EL-P and Killer Mike Close Run the Jewels Tour at Webster HallAugust 15th, 2013
EL-P and Killer Mike – Webster Hall – August 14, 2013
Any Best Albums of 2012 list that didn’t include Killer Mike’s R.A.P. Music or EL-P’s Cancer 4 Cure isn’t to be taken seriously. There’s simply no denying the greatness of either album, in a large part due to the duo collaborating on them. To follow that up, this year Killer Mike and EL-P dropped a totally free self-titled album as Run the Jewels, or as Killer Mike called it, “the best motherfuckin’ tag team in the world.” And it’s a safe bet that this album, too, will be dubbed one of the year’s best, and the five-week tour promoting it that ended last night at Webster Hall couldn’t help but feel like a victory lap.
Killer Mike’s set came first, steamrolling the place with a “Big Beast.” A rap concert is his church and Killer Mike was the preacher. He’s clear about what his expectations are for rap—a message he made obvious in “R.A.P. Music,” which felt like the night’s mission statement. Earlier in his set, he asked of other rappers, “Why the fuck won’t you rap about something other than your goddamned selves?” before doing the politically charged “Reagan,” which Mike rapped almost entirely a cappella. He added some extra punch to the song, turning the choruses into crowd chants of “Fuck Ronald Reagan,” even adding some NYC flavor by tossing out as a final line: “Fuck stop and frisk, I hope Bloomberg heard what I said.” To close, Killer Mike took a few steps into the audience, the rap-concert equivalent of preaching from the pews, delivering the authoritative lines of “God in the Building” directly to crowd members.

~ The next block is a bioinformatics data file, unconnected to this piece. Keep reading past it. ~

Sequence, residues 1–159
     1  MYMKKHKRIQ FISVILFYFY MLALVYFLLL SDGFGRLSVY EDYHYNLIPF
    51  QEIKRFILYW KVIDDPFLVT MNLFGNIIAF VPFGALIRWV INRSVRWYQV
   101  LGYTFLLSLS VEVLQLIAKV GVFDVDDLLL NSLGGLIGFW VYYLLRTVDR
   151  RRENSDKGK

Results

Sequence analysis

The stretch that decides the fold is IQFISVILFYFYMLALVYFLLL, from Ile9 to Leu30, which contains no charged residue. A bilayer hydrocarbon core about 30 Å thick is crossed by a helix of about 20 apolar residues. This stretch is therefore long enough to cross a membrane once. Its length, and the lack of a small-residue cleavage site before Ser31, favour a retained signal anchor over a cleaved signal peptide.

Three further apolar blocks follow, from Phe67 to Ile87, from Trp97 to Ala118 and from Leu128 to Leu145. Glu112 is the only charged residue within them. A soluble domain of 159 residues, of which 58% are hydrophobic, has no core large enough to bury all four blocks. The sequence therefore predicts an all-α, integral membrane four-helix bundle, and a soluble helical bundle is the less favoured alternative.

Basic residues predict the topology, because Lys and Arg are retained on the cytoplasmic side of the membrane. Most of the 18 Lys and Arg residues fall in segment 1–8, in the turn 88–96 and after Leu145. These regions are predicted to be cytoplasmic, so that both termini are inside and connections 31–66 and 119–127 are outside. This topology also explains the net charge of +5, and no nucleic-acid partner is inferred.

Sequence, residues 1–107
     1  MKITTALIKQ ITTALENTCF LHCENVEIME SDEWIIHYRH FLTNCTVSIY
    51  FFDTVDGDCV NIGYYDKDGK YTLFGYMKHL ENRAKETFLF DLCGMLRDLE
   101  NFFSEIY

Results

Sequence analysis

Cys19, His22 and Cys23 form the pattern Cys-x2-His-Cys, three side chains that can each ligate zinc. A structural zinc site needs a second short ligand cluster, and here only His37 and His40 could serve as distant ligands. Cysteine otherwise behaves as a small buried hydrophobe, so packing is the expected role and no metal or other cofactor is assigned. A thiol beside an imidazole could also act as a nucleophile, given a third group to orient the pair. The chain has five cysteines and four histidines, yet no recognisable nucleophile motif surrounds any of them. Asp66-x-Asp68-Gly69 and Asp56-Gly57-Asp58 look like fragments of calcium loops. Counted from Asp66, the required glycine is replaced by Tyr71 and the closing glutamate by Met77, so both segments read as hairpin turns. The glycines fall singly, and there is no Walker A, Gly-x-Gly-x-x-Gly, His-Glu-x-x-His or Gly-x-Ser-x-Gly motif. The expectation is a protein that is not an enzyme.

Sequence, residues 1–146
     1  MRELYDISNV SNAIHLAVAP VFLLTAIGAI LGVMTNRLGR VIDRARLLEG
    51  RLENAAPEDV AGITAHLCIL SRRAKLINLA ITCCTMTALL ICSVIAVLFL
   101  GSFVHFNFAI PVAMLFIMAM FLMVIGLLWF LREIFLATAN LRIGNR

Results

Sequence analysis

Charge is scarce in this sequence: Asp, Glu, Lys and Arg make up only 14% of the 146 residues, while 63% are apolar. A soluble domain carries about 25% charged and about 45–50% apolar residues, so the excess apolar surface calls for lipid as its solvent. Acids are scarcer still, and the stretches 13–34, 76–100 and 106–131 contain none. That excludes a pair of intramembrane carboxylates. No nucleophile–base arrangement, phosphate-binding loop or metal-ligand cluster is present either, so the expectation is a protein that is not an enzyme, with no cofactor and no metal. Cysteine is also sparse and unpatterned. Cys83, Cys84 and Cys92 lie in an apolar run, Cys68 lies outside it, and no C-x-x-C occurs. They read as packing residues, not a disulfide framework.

For all their combined greatness, Killer Mike and EL-P have some big differences stylistically, something made clear at the start of EL-P’s own set. Beginning with “Drones over Brooklyn,” he delivered every word with such spastic energy it felt like the verses were the result of an exorcism, clutching the microphone stand like it was the only thing keeping him grounded. The night was a homecoming of sorts for the Brooklyn-based rapper, with his mom in attendance for the occasion. EL-P’s set list ran the span of his entire career and even included a brief cover of A Tribe Called Quest’s “Can I Kick It?” complete with a keytar solo. He closed things with “Stay Down” and then left the stage briefly before returning with Killer Mike as the PA blasted “Bad to the Bone.”
Run the Jewels time! The final set of the night included just about every song off Run the Jewels, with EL-P and Killer Mike trading verses and working the crowd in their little moments of downtime. Donning 36-inch chains, both rappers radiated a sense of reassured confidence other rappers do their best to fake. “Tougher, Colder, Killer” off Cancer 4 Cure brought out Despot for his guest verse, and as the stage slowly filled with the duo’s crew, the show was over in the blink of an eye. The night ended with one giant group hug, a proclamation from EL-P that this was “the most amazing tour I’ve had in my life” and an outpouring of appreciation from the crowd. —Dan Rickershauser